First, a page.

Students will receive a grade report after each semester. These reports will show both semester and cumulative averages. A student’s standing in each course is measured by the grades received on exams, papers, other class assignments and requirements. Each student’s academic status as it relates to satisfactory academic progress and program pursuit will appear on the grade report.
The grade appeal process provides a student with an opportunity to dispute a final course grade. The student should first discuss the matter with the instructor. If the problem is not resolved, the student must file a Grade Appeal form with thedean of the academic program or designee within 10 days of the semester grade report being issued by the Registrar’s Office.
Graduate students may repeat a course with a passing grade and have the last grade replace the previous grade in the cumulative grade point average, however, each course can only be repeated once. No more than two courses may be repeated. This will be evaluated on a case by case basis.
A student’s academic standing and decisions regarding academic probation and dismissal are determined by his/her cumulative grade point average and other appropriate criteria. When a student’s cumulative grade point average drops below 3.0 at the end of a semester, he/she will be placed on academic probation. The student will be notified by letter of his/her academic probation and will be required to meet with the dean of the academic program or designee. A student who is placed on academic probation must reach a cumulative GPA of at least 3.0 and must achieve good academic standing by the end of the next semester or the student will be dismissed. Any student who completes at least one 600 level or higher course and whose cumulative GPA falls below 2.0 at the end of a semester will be dismissed from the college. Students who are dismissed may apply for reentry into non-matriculated status after a semester. Requests for reentry into non-matriculated status will be reviewed on an individual basis.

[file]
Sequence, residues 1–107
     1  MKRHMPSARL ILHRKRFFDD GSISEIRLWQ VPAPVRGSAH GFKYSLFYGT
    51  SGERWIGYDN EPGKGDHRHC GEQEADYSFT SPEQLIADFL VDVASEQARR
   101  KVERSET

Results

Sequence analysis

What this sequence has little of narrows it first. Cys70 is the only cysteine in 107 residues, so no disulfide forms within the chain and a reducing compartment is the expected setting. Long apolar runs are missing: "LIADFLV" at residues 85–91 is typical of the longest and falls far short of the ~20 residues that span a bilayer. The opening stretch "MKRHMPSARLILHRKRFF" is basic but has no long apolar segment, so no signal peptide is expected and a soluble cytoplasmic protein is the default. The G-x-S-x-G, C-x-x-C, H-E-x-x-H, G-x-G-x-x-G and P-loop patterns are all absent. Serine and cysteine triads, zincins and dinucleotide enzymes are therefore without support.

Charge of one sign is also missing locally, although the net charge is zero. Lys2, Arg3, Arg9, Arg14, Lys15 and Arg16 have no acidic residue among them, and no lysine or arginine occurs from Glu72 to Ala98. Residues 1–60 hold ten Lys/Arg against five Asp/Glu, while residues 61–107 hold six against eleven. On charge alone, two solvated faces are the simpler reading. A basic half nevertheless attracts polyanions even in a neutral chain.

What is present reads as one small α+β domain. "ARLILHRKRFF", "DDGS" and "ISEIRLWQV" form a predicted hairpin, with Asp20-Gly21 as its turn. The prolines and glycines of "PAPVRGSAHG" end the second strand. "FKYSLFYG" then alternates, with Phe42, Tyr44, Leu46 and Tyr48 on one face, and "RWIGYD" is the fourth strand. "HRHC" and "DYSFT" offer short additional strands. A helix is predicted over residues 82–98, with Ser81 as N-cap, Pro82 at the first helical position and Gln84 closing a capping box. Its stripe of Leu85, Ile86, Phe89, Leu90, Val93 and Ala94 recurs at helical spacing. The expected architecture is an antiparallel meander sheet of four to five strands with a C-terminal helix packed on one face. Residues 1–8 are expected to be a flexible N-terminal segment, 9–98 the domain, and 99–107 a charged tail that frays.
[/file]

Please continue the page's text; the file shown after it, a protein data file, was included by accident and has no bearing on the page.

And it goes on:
Students are expected to comply with the rules of conduct, academic regulations, and established policies and practices of the College and the KGS. Should a situation occur whereby a student violates the Guidelines, codes, and regulations, or fails to comply with requests of administrative authorities, or plagiarizes, he or she may be dismissed from the KGS. Students have the right to appeal a dismissal to the Dean of Graduate Programs.
Monroe College is an academic community. Its fundamental purpose is the pursuit of knowledge in preparation for a career and for life. Essential to the success of this educational mission is a commitment to the principles of academic integrity. Every member of the College community is responsible for upholding the highest standards of honesty at all times. Students, as members of the community, are also responsible for adhering to the principles and spirit of the following Code of Academic and Scholarly Integrity.
Students are expected to be fully aware of the College’s requirements and expectations regarding academic honesty and scholarly integrity. If a student is unsure whether her action(s) constitute a violation of the Code of Academic Integrity, then it is the student’s responsibility to consult with the instructor and/or Dean to clarify any ambiguities.
Activities that have the effect or intention of interfering witheducation, pursuit of knowledge, or fair evaluation of a student’s performance are prohibited. Examples of such activities include, but are not limited to, the following:
Graduate Honors –Graduating students who have a cumulative 4.0 GPA will be recognized for outstanding achievement. Graduating students who achieve a GPA of at least 3.8 will also be recognized at commencement.
To qualify for graduation, students must have satisfactorily completed all requirements of the degree. In order to graduate, students must have a minimum cumulative grade point average of 3.0. Foundation courses are not included in this calculation.
Students may have one transcript sent to any authorized individual, college or agency requiring official confirmation of their academic status at Monroe without charge. Additional requests will cost $5.00 per transcript. All requests for transcripts must be made in writing at least 10 days before they are needed. Transcripts are not released for any student who has outstanding financial obligations to Monroe.